** Practicalities **

      The Land of Lost Content is open ten months of the year, being closed in January and February. It's open from 11 am to 5 pm every day except Wednesdays; you can hardly begrudge Stella and her staff one day off a week given what must be a pretty tiring task keeping such a huge collection in order! Admission is around five pounds, with slight discounts for concessions such as over-60s: my party contained two adults and two senior citizens and that came to £19. There's no cloakroom (there isn't any space!) so you'll have to carry round everything you bring; for that reason rucksacks and the like are not recommended.

      When I visited, the temperature inside (according to a handy thermometer!) was 16 degrees, so you shouldn't feel uncomfortable with ordinary outdoor clothes on. I suspect it may get a little stuffy on the hottest days, though. There are no lifts, but the staircases do have stairlifts. There are toilets (on both ground and upper floors) and these, though nothing special, are quite clean and well stocked. There's also a small café with a rather limited menu, and a gift shop attached; here you can have a break and a sandwich, though like everything else here it's rather squeezed in and can be a little crowded if there happens to be a large party going round the museum. The woman serving my (small) party with our bacon rolls was very friendly and made it a nice place to relax for a few minutes.

      You are not allowed to take photos inside, and this rule is reinforced gently but firmly by reminder signs dotted around the place. On the one hand this is a little bit disappointing at a time when many organisations (even the National Trust!) are relaxing their rules on interior photography, but it's probably a good thing overall given the extremely cramped nature of the place. There's also the preservation factor to consider: flash photography in particular would probably damage many of the items on display. There is apparently a large online archive of images from the collection available to academics... but only to them, which is rather frustrating.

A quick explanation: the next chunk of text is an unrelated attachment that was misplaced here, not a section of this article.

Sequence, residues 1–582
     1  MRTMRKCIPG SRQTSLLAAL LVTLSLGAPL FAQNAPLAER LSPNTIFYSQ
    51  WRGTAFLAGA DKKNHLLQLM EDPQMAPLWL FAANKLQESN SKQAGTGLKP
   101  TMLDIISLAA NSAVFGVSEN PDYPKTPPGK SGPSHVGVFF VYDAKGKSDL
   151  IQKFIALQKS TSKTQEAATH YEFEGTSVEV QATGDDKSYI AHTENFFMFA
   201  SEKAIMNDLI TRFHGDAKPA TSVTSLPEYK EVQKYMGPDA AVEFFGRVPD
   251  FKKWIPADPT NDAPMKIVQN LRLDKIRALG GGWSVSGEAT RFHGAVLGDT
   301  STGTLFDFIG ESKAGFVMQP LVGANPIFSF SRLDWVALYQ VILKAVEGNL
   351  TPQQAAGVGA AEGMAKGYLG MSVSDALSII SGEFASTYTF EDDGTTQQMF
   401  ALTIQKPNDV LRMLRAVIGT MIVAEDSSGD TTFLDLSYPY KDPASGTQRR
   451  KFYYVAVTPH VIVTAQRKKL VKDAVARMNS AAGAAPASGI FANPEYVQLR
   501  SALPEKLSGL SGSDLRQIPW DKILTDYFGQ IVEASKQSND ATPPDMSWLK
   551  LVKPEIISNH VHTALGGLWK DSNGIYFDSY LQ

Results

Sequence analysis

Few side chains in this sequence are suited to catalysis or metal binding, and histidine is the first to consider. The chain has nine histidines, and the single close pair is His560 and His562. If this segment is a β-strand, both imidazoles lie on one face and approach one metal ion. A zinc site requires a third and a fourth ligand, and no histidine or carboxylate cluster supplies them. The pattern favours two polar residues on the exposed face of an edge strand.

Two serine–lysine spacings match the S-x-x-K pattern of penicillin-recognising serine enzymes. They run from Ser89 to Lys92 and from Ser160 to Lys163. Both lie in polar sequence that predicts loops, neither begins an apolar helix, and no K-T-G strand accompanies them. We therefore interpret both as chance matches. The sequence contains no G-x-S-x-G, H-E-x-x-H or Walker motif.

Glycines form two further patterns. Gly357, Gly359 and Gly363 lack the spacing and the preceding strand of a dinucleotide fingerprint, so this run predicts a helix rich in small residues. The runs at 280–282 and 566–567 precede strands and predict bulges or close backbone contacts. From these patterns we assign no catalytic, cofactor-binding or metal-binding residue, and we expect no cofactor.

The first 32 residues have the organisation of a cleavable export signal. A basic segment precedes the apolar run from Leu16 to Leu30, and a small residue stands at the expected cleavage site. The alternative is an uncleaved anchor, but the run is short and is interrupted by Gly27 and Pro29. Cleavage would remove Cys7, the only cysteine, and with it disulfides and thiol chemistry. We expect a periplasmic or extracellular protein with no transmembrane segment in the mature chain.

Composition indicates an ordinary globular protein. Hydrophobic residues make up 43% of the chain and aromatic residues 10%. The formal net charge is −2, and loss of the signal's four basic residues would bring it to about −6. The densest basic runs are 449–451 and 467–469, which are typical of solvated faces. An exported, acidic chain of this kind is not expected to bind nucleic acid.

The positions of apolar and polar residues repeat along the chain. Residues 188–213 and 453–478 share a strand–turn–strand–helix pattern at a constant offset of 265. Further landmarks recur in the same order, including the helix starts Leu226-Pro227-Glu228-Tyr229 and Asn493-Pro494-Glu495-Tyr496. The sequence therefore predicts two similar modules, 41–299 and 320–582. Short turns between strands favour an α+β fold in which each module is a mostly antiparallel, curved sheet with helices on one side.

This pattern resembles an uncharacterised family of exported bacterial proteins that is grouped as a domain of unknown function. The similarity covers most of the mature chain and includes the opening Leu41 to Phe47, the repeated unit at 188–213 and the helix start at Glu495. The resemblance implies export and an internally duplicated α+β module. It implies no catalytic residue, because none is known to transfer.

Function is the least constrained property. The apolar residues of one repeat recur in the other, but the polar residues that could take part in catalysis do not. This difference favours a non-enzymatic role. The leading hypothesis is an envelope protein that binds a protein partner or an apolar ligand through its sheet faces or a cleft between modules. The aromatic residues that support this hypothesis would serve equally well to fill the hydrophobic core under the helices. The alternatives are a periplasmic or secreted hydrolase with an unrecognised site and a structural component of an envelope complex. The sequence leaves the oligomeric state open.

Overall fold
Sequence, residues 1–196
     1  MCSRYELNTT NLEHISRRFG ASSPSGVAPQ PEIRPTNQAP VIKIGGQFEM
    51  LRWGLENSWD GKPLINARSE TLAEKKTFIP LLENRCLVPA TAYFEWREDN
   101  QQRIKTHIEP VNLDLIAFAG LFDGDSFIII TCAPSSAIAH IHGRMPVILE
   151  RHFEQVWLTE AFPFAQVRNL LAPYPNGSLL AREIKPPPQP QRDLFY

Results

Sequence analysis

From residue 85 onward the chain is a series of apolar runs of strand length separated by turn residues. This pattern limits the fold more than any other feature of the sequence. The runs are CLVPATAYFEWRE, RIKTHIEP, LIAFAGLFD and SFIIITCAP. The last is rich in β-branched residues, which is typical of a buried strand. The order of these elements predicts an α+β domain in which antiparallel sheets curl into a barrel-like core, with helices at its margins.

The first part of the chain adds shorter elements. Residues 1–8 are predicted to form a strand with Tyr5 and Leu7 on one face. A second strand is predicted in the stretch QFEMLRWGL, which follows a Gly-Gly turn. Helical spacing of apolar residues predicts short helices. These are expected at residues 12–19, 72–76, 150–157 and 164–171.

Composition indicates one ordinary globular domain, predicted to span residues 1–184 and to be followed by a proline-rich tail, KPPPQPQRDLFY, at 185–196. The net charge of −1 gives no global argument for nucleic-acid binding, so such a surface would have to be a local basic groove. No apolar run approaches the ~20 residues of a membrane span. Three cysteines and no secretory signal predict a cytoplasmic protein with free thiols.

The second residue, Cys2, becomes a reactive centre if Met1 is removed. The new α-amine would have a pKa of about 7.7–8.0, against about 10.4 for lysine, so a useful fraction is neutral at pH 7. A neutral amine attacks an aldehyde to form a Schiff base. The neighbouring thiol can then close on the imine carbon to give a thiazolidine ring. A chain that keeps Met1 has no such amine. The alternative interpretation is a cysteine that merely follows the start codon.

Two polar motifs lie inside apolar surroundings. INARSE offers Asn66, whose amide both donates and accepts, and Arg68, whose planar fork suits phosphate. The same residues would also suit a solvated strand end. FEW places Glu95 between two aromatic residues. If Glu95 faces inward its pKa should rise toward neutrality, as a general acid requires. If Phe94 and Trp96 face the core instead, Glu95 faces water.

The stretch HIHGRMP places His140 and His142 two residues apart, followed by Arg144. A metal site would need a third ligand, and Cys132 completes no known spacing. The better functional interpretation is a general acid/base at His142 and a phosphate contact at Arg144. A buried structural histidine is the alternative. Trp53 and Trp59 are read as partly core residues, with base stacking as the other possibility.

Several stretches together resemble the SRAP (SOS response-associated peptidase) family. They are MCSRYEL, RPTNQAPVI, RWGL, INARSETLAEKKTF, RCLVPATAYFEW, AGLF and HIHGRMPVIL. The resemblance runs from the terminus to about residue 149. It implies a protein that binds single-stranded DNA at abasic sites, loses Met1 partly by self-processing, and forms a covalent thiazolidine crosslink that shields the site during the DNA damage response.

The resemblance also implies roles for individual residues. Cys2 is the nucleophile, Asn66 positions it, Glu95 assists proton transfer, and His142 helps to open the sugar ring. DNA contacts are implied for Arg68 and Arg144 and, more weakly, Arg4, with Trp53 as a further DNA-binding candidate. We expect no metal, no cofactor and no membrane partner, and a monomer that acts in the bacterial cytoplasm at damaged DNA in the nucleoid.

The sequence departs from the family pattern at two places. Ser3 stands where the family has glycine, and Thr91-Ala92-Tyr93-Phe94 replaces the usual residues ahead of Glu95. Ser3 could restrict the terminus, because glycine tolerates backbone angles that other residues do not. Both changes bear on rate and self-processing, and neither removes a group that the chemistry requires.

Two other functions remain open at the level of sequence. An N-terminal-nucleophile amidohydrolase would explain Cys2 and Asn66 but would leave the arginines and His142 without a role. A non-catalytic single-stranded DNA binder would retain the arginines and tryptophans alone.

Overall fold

** Getting there **

      Craven Arms has the advantage of being extremely easy to get to, lying as it does on the main A49 road which runs north-south between Hereford and Shrewsbury. From this, turn east onto the B4368 (Corvedale Road) and after just a few yards you'll find a left turn leading to that increasing rarity of sights, a *free* car park. This is of moderate size, but had plenty of spaces even on a Saturday in May. From there the Land of Lost Content itself is a couple of hundred yards' walk down Market Street, and is hard to miss. There is no parking at the museum itself.

      You can also get to the museum easily enough by public transport, as the town has its own railway station, about half a mile away in the northern part of the town. Craven Arms station stands on the junction between the Welsh Marches line (Hereford to Shrewsbury) and the Heart of Wales line leading down through rural mid-Wales to Llanelli. The Welsh Marches line sees an hourly service (less on Sundays) but the Heart of Wales line has only four trains per day, so check carefully!

      ** Verdict **

      The Land of Lost Content is a perfect example of the eccentric British tourist attraction. It won't be for everyone - if you like your museums organised and structured, then you'll hate it - but if like me you can gain enjoyment simply from wandering through an Aladdin's cave packed to the rafters with a huge assortment of, well, *stuff* then after your first visit you may well wonder what kept you so long. I'm not sure it's really for small children, but everyone else should give it a go.